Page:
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People > Local Families > Cunliffe

GREAT HARWOOD

The CUNLIFFE FAMILIES

There are many sources that can be used to trace the history of the Cunliffe family of Great Harwood, each adds to the body of information but none are perfect or complete sources. The parish registers have the potential to be a valuable source, but, as with other sources that depend on the accuracy of the person recording the information and the willingness of individuals to be recorded, are often incomplete; in the case of the Cunliffe family this proved to be the case. The family are recorded in various rental ledgers and surveys, but only the earliest of these gives the names of all the lives associated with the tenancy and their relationships and ages, and only one lists the fields associated with the property. Several wills survive for the Cunliffes of Great Harwood, and these proved to be the best source, being legal documents and concerning money and real estate, they were carefully compiled and list many family members, relationships and property owned or leased.

Of the published sources that mention the family Abram’s ‘History of Blackburn Town and Parish’ gives some detail; he however, it is apparent, was also unable to make firm conclusions about the relationships of the early family members. The Court Rolls of the Honor of Clitheroe provided evidence for the Cunliffe family in Accrington, and again, being the written record of legal proceedings, it is likely they are largely accurate. 

EARLY ORIGIN OF THE CUNLIFFE NAME

The earliest parish register entries to survive for Great Harwood date from 1547 and people bearing the surname Cunliffe appear in the register from 1551, indicating that they may have lived in the area for some time before this. The name is probably of very local origin, with the National Trust surname profile website showing distribution in 1881 solely in Lancashire, with the greatest being in the Wigan area, but also with dense concentration in the Warrington and Blackburn areas.  Guppy lists the name as a ‘peculiar name’ (defined as a name confined mostly to one county) and elaborates:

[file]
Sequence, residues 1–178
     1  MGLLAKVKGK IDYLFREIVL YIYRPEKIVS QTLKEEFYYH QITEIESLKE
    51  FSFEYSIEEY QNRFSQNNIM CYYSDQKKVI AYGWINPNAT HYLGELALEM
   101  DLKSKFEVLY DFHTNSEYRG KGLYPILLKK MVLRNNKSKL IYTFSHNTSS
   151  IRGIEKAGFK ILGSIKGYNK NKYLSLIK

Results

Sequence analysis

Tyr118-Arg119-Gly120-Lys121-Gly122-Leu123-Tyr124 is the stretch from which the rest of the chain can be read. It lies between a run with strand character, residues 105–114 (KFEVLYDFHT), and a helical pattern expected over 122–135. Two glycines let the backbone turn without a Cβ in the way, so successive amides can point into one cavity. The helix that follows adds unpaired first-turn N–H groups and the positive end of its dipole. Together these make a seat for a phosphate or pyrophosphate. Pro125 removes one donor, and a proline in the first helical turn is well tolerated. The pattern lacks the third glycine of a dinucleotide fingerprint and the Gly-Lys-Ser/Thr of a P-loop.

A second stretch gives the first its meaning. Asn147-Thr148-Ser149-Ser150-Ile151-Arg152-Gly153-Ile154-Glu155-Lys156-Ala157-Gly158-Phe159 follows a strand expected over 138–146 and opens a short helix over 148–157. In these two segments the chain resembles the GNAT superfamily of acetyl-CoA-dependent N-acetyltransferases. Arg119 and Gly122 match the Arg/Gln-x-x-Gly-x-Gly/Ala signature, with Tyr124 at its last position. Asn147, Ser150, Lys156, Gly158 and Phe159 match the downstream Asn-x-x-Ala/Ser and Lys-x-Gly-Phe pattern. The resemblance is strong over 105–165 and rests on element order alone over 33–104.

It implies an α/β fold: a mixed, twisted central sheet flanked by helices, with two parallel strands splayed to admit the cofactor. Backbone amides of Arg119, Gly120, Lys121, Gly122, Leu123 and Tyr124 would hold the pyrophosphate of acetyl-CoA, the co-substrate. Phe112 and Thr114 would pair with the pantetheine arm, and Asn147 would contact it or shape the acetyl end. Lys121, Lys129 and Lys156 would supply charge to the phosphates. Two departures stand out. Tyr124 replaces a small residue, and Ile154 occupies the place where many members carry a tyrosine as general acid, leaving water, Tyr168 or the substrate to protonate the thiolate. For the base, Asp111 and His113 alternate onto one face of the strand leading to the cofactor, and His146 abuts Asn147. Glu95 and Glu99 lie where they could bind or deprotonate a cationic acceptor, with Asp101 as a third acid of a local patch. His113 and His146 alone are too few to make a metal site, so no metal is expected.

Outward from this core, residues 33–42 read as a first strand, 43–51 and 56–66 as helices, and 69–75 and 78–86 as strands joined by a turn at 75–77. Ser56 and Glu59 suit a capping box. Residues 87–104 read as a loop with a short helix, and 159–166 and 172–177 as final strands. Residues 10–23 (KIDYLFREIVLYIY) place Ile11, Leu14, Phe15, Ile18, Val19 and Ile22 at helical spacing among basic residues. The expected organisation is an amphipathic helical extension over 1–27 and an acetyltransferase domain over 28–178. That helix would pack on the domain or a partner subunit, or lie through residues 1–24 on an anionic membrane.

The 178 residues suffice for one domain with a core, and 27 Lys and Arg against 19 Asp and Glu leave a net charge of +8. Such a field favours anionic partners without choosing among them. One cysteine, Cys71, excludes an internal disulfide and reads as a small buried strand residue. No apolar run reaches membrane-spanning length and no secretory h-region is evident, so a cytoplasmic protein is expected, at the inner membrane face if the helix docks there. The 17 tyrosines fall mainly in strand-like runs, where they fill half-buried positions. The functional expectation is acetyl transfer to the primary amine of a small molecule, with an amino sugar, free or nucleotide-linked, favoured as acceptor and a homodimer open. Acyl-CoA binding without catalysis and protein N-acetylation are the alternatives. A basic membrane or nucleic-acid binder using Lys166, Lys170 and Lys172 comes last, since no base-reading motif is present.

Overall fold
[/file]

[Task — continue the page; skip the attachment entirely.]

“The Cunliffes belong to an ancient and a notable family originally of Cunliffe Hill, but for the last 250 years of Wycoller Hall, in the parish of Whalley. Foster Cunliffe was mayor of Liverpool in 1716, 1729, and 1735; and Robert Cunliffe held the same office in 1758. Beside the seat, there is a Lancashire village of this name.”

 In Bartholomew’s Survey Gazetteer of the British Isles the only place listed for Cunliffe, or anything similar, is: ‘Cunliffe, ham., Lancashire, ½ mile NW. of Rishton’.  Ekwall give examples in Lancashire from 1246 and postulates the theory that it could be from the Old English personal name Cunda, with the second element O.E. ‘clif’, being on a slope. He further speculates that it may come from ‘Cunte’, which is backed up by an article by Keith Briggs, and which may refer to a peculiarity of the landscape. The Oxford Names Companion favours the latter explanation giving:

“habitation name from a place in Lancs., near Rishton, recorded in 1246 as Kunteclive, from OE cunte cunt + clif slope i.e. ‘slope with a slit or crack in it’”.

Another derivation of the name, and one espoused by Abram and repeated by Ainsworth (Ainsworth, 1928), is that the first element is a corruption of the word coney, or rabbit, and the coat of arms of the family do reflect this meaning. However the coat of arms would have been adopted some time after the family name became fixed and the meaning forgotten, but if not it is understandable that an alternative meaning would be preferred.